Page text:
10. Are you sure that the casting date letter is G and not Q? Looking at the picture, it looks to me like Q. If it is Q then your engine block is cast, as Spinneyhill said, 12 April 1937. Studebaker started, to my knowledge, with the casting letters in 1921. So 1921 would be A, and following the alphabet G would be 1927 and Q is 1937. The Champion engine did not see the light of day before 1936, so your casting letter must be P or later. I have to M29C Weasel engines from 1944 that have casting year letter X, a 1933 Rockne engine with letter M, two 1932 Commander engines with letter L and a 1931 President engine with letter K. And also an M5 engine from 1947 that has 47 as the casting year code. So I guess the letter codes must have ended when they ran out of letters in 1946.
  11. Adjusting the valve clearances on the Rockne is not very hard, but it can be a bit tricky to reach the valve lifters nearest the carb. If you have some tappet spanners it will make the job much easier but it is possible to adjust the valves with regular spanners. You might need to grind down one of the spanners a bit though, when using regular spanners. The tappet clearances is as follows, quoted from the Service Specifications and Adjustment manual for the Rockne: "The recommended valve tappet clearances are: Hot - Exhaust .006", Intake .004"; Cold - Exhaust .007", Intake .004". Hot is considered approximately 150 degrees F or after the engine is thoroughly warmed up. Cold is considered as Room Temperature. Valve clearance should not be sacrificed to obtain quietness of operation.
  12. They are screwed in, right hand threads. On the ones I have removed I glas blasted the housing first and then let is soak in WD 40 or a similar product for a few days. I then used small vice grip pliers to unscrew the pipes. With some careful back and forward movement they should loosen. You have to be very careful as they can easily break. Also I would recommend removing them as the passages on the ones I have taken apart were all clogged up.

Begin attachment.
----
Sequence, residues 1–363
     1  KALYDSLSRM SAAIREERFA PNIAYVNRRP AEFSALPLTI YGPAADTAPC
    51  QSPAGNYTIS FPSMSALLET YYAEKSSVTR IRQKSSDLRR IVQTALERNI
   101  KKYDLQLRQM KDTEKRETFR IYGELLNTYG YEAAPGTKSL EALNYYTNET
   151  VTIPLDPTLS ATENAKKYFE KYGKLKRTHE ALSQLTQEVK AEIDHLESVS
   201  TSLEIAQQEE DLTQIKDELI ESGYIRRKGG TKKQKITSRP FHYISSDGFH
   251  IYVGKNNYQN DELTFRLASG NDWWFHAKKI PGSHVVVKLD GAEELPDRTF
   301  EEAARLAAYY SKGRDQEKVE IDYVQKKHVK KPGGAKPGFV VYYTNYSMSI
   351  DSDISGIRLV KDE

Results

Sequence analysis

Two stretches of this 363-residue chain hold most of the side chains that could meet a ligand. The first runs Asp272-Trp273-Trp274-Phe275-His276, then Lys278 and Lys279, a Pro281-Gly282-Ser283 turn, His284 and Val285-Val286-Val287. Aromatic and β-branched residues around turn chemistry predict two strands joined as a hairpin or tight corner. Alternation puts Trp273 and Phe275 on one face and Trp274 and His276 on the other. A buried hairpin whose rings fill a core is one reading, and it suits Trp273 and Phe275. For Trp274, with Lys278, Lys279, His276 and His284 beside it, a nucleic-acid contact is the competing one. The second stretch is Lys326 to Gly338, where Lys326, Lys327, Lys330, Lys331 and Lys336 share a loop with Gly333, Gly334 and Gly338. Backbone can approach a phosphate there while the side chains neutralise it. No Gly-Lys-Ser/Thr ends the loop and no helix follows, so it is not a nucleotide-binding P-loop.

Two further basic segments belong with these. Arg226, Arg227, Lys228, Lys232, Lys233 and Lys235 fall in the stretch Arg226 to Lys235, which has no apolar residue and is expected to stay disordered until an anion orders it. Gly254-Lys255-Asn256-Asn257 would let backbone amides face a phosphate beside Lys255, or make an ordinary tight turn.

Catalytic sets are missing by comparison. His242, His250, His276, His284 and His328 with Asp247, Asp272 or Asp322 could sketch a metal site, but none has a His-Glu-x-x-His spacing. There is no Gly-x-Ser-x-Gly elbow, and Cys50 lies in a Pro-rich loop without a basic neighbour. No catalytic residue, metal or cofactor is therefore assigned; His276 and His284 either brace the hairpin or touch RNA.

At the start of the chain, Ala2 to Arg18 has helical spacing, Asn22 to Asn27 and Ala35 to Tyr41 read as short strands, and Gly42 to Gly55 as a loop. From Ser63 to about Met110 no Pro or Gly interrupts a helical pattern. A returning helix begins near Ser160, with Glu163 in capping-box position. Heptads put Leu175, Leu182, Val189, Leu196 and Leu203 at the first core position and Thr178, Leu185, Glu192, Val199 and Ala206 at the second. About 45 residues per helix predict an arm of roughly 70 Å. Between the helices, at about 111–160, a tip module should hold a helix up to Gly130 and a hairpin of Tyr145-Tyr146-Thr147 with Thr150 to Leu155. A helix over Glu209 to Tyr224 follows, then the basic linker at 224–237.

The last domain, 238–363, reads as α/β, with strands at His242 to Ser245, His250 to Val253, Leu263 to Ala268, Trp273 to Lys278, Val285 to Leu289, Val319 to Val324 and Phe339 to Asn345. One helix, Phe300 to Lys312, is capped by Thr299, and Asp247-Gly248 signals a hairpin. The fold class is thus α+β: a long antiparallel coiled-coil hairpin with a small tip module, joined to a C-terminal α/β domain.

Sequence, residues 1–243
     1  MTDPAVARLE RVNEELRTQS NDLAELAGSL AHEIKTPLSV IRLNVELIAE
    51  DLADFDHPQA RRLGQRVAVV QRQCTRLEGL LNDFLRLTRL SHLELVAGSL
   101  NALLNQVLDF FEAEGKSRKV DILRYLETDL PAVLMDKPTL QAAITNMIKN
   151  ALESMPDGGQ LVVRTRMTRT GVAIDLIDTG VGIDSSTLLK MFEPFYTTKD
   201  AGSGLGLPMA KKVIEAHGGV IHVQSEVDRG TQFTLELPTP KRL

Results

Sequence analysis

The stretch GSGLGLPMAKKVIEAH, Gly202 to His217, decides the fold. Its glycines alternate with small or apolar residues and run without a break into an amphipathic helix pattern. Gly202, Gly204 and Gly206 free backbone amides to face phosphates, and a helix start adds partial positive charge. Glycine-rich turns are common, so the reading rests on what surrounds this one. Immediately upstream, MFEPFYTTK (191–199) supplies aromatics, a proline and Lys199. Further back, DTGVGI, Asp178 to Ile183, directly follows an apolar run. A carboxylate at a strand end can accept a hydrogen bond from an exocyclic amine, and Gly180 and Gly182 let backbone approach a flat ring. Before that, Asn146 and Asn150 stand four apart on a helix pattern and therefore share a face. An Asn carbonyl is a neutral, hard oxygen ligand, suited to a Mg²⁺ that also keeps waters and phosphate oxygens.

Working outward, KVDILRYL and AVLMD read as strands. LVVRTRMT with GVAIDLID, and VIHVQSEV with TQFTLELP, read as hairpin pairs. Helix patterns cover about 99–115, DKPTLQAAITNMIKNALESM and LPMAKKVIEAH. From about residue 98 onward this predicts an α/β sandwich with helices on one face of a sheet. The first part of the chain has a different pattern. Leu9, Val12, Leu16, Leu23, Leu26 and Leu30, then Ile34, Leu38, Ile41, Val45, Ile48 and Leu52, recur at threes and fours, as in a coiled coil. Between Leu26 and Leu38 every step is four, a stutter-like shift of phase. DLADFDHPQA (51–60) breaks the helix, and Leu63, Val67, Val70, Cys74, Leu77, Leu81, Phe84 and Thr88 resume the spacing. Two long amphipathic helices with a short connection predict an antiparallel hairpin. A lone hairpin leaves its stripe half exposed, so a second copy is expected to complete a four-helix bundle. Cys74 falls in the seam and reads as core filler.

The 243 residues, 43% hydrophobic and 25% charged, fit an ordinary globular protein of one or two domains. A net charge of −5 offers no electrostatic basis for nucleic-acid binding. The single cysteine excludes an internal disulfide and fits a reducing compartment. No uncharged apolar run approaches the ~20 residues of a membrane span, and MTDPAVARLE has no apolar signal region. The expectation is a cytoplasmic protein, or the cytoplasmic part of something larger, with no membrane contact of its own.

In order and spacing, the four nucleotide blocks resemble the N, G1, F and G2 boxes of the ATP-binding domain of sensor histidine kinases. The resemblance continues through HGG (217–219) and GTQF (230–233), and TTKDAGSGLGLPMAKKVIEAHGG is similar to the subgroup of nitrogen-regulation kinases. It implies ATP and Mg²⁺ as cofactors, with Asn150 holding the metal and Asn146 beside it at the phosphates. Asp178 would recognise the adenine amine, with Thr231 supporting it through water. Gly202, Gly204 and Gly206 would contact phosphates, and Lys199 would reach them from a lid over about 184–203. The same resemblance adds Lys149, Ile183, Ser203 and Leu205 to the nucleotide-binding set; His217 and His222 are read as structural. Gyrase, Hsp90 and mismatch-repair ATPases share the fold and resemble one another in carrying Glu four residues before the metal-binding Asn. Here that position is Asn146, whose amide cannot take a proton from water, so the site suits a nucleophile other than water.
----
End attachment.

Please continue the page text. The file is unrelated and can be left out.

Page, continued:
13. The UR-2 is supposed to be blackened. There are DIY kit available for this. As for the fuel pump I think it is originally glossy natural zinc finish as it's made from a zinc alloy. But over time it will become grey as the surface oxidizes. To restore the original finish you can zinc plate and blue/natural passivate it. Or just paint it silver.
  14. That's too bad. I have attached two pdf files with some information that might help you out. Alexander Stromberg UR-2 and UUR-2 - Information.pdf Stromberg URO-1 UR-2 and UR-23 - Partscatalog.pdf
  15. I would hesitate to use the UR-23 as a donor for parts as it's is very hard to find as it was only used on the 1934 Dictator. And it doesn't have the same jets as the UR-2. I have restored two UR-2 carbs and they are not that hard to restore your self it you have a good one to start with. The parts that are usually bad are the springs for the accelerator pump and the venturi which is made out of pot metal, a zinc based metal, which deteriorates over time. I made a new venturi from aluminum. And of course the parts I have mentioned are never included in the repair kits that are available. Can you open the UR-2 and see how it looks like inside? Alexander from Sweden